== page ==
• Timekeeping to identify fraud refunds rung using cashier numbers from employees that are not working.
  • Case management to identify if shoplifters are involved in refund activity.
  • Unit variance and adjustments to identify refunds associated with shrinkage units (internal refund fraud and refunds of stolen merchandise).
  • Register cash counts to identify correlations with suspicious transactions.

We found XBR to be such a powerful reporting tool that it serves as the backbone of almost our entire LP reporting needs. We integrated our APIS data into XBR so that we can build customized reporting that goes beyond what is offered in APIS. We integrated data from several other systems into XBR so that their information could be combined in reports as well.

To accomplish this integration, we invested in skill sets in our corporate LP department that include knowledge of databases and structured query language (SQL), the data model of our LP applications, and an understanding of how XBR’s query generator functions.

As an aside, if your department does not have these skills, other options exist for integrating your data. Your IT department may already support an enterprise reporting application that they can point at the data in your LP systems. Also, you may try bringing your system developers or vendors together and outline your vision for informationsharing. Outsourcing this work will be an initial expense, but the ultimate ROI will likely justify the cost.

XBR is also packaged with another program called Table Editor that we found to be useful. Table Editor allows us to create forms for our users so that they can directly update the system with information. Prior to Table Editor, it was a tedious exercise to collect information from all of the stores. Now the stores simply fill in the form and it directly updates a table in XBR. We can even create a system alert or email to automatically send reminders that certain information needs to be updated.

We also have begun to use Table Editor to collect information from employees outside of LP. For example, we operate a reverse logistics return processing center that often discovers suspicious merchandise. These employees are able to access to just the Table Editor application so that they can record information on suspicious merchandise. This information has been integrated into XBR so that we can reference the corresponding return transaction and identify fraud patterns.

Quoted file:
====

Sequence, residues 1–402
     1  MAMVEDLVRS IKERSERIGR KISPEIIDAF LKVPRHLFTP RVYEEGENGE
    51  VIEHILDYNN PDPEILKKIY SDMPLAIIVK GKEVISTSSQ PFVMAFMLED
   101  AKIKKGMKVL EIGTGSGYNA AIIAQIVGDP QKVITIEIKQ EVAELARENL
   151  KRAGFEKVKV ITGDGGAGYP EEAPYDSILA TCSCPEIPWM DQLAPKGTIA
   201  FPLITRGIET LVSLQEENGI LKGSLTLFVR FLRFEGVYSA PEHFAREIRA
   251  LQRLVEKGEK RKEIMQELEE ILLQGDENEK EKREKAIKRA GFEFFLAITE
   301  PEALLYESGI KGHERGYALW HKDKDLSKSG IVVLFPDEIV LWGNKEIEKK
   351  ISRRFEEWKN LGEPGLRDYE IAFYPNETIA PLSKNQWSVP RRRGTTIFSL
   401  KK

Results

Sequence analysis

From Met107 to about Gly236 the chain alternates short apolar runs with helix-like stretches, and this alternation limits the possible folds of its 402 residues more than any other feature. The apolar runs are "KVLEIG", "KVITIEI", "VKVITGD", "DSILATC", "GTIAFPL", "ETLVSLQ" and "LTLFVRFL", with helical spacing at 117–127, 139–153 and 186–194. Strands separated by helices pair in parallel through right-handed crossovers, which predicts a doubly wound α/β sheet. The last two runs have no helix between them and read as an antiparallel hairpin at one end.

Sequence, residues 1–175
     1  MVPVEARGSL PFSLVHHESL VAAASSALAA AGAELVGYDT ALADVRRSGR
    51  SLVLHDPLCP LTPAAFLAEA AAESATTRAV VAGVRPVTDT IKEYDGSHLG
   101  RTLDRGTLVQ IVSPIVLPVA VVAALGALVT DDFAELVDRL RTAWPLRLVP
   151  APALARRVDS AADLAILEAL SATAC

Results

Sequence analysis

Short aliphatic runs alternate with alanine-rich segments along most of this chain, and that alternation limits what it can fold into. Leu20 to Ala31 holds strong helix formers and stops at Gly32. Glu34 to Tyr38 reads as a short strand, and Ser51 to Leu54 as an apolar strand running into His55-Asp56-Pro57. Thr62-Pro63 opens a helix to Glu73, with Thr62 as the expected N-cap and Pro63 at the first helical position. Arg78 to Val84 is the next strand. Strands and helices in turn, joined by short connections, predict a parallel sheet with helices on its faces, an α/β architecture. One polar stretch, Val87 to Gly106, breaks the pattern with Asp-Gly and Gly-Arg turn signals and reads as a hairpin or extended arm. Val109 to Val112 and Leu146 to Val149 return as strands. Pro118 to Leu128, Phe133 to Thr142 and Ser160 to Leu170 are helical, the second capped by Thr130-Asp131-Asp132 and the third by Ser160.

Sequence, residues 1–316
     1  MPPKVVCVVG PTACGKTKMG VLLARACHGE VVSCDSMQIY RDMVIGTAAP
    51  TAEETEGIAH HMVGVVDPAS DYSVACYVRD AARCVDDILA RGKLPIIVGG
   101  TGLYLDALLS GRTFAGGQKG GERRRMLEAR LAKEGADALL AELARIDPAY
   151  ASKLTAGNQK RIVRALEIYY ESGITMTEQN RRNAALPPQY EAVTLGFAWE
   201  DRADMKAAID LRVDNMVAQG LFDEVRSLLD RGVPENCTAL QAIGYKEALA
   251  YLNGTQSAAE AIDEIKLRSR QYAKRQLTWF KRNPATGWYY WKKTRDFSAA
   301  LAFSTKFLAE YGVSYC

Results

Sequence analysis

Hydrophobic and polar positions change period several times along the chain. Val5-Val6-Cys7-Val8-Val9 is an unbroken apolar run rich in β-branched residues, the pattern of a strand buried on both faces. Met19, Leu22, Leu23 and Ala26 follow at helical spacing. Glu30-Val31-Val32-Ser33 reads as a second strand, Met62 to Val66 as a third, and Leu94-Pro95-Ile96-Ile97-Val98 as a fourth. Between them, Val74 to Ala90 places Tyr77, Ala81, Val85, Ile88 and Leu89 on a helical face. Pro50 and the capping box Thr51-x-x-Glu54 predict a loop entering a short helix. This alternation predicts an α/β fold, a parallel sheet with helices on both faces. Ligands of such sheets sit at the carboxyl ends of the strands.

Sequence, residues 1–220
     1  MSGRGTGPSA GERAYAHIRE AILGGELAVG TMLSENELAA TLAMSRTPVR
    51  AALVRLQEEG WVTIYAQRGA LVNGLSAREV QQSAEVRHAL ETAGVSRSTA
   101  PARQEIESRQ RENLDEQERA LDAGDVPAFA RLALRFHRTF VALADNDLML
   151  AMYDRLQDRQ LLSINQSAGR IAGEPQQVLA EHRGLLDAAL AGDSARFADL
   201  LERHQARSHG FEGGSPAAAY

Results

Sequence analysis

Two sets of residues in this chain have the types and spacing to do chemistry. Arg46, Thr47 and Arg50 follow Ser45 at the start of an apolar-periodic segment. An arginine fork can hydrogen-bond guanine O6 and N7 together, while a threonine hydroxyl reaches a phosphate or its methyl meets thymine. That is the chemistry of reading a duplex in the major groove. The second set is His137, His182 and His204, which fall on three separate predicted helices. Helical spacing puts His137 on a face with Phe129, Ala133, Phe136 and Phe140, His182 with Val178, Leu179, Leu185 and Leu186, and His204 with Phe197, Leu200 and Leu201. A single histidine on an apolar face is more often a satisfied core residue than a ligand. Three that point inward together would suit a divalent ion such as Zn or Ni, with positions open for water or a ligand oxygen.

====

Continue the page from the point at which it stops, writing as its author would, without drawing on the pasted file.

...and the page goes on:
Integrating Data to Maximize LP Effectiveness

Digital Video. Like many retailers, we have moved from VCRs to digital video. Our desire was to connect the digital video recorders (DVR’s) to our network so that we could retrieve video remotely as well as integrate the video with our POS data. Although there were technological obstacles for implementation, the benefits of having remote visibility into our stores exceeded just fraud detection. Putting digital video on our network required a partnership with IT similar to what we had done with other departments.

Working with our IT department and the vendor, we were able to regulate the bandwidth usage of the DVRs and develop a standard Windows operating system for the units that allowed us to install virus protection software and, just as important, to remotely push out regular updates and patches.

Furthermore we are able to automatically sync the DVRs time clock with our POS operating system. If we experience drive failure, we now have the option of having drives replaced by our own IT technicians at a considerable cost savings over using third-party maintenance. We are moving towards having complete video coverage of all of our registers for the same time duration as we use for analyzing POS transactions. In the meantime, we have placed a field on our exception reports specifying if video coverage is available for the transaction. Should the stores move any of thecameras, they simply update a form in Table Editor and XBR is automatically updated with the correct DVR and camera for each register.

Shrinkage Analysis. Shrinkage is an aggregate metric and can sometimes mask trends that lie within its summary data. Therefore, it is important to have the ability to have flexible reporting so that you can drill into shrinkage data and fully understand its elements.

At Nordstrom, we extract shrinkage data from our semi-annual inventory counts from our Retek Merchandising System and integrate it into XBR. We have built several custom reports that allow us to identify loss trends “slicing and dicing” the data anyway imaginable within our store location and merchandise department hierarchies.

Once we have identified where to target our shrinkage reduction efforts, the next step is to identify exactly what merchandise is missing. To that end, we have also integrated unit variance and unit adjustment data into XBR so that we can link directly to this information from the shrinkage reports.

…This Is Now

We have successfully streamlined our systems so that loss prevention now uses just the three channels for our data needs—our web site, XBR, and APIS. In the process, we have integrated our information to provide us with more insight and consequently answered the questions asked at the beginning of this article.